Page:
When John XXIII wielded the blade against the ancient Mass of St. Peter in Chains, far more was lost than a feast day in the General Calendar. He dealt a severe blow to the Priesthood: The disappearance of the Feast was more far-reaching than may first appear, as the General Calendar affects both the Missal and the Breviary, the two main staples of a priest’s liturgical life. The Breviary Lessons for August 1 ensured that all priests of the Roman Rite were familiar with the history of the Chains and the miracles associated with them. (7)
So, the real issue at stake was not the merits or demerits of “simplification,” but the right of the Catholic faithful to their full liturgical inheritance of which they were deprived for spurious “ecumenical” reasons. Every single such reform has opened the door to increasingly indefensible “ecumenical” practices, of which the following is pertinent to our topic.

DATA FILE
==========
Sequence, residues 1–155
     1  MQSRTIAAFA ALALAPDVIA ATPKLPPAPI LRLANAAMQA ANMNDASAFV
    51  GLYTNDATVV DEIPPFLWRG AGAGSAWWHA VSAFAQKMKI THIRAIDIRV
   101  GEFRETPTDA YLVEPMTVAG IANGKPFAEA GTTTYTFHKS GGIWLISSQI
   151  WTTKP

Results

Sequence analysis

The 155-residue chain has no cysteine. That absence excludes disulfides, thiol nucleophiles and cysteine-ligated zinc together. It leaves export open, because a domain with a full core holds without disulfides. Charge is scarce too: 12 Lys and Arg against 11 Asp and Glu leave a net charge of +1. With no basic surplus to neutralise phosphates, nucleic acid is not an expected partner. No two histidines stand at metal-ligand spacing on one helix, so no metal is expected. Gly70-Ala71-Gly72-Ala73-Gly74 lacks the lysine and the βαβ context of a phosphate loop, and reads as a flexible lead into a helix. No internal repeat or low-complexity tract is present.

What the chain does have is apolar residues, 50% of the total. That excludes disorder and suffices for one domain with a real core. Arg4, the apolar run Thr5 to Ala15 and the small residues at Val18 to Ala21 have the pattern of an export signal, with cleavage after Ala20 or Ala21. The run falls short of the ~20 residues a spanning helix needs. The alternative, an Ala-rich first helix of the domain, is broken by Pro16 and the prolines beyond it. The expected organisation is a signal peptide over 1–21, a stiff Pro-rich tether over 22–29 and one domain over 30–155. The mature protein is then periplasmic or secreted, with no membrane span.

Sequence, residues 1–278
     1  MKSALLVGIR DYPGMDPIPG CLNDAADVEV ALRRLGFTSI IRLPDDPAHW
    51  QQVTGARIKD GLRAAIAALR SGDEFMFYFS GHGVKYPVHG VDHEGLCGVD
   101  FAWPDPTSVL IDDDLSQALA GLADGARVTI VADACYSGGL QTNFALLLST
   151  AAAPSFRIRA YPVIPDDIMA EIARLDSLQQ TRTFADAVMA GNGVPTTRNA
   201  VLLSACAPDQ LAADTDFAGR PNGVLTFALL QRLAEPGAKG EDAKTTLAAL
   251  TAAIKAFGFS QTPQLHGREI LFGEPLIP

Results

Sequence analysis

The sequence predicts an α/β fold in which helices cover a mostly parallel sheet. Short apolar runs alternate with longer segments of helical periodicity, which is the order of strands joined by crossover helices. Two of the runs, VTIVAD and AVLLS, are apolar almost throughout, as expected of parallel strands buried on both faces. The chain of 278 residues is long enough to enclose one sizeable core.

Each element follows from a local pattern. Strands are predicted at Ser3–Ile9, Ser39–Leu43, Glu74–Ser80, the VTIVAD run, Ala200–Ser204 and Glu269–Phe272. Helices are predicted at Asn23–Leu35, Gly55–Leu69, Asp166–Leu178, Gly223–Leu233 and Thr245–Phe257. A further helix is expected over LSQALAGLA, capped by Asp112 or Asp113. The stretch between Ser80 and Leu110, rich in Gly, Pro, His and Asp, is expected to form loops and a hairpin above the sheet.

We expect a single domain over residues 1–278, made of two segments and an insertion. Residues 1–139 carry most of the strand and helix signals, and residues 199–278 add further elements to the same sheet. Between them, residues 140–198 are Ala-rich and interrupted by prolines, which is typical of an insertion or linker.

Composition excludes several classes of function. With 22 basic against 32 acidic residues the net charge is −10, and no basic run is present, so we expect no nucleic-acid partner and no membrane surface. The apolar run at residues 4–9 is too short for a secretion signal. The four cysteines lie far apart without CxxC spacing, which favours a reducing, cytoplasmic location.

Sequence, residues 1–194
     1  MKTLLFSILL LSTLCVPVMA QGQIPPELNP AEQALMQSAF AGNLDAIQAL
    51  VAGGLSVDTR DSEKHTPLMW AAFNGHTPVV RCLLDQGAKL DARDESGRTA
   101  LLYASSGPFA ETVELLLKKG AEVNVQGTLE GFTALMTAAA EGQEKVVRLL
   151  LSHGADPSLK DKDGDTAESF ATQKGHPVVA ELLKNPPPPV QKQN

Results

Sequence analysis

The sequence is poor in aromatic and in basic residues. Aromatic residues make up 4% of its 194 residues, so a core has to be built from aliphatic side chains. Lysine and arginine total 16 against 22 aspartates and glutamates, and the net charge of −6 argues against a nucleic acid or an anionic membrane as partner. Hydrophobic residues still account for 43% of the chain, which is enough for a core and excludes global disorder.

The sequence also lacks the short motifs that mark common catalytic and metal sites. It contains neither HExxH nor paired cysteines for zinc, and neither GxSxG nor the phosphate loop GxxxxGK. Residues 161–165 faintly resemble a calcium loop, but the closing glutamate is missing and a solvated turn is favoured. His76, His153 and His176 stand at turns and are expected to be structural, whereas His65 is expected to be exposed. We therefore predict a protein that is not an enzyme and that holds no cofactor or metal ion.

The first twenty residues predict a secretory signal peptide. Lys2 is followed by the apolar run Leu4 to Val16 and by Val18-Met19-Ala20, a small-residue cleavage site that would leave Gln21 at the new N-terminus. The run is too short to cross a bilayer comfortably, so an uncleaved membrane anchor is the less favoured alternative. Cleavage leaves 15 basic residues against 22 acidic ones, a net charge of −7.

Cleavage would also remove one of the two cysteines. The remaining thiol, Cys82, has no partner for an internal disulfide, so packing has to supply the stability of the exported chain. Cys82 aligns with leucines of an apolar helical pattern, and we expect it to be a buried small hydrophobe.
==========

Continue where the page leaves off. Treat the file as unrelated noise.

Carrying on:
Joining with Protestants to destroy Catholicism
On July 22, 2015, Card. Vincent Nichols, Archbishop of Westminster, attended a service of Choral Evensong in the Anglican Chapel Royal of St. Peter ad Vincula (St. Peter in Chains) in the Tower of London. There, he gave a sermon in which he quoted the Archbishop of Canterbury’s words on the importance of Religious Liberty as essential to a just and peaceful society. (8)
This is a clear illustration of how Vatican II induced the Catholic Hierarchy not only to appease those outside the Faith, but also to absorb and propagate their false doctrines which would destroy the Faith.
St Peter in Chains: a sign of contradiction to Religious Liberty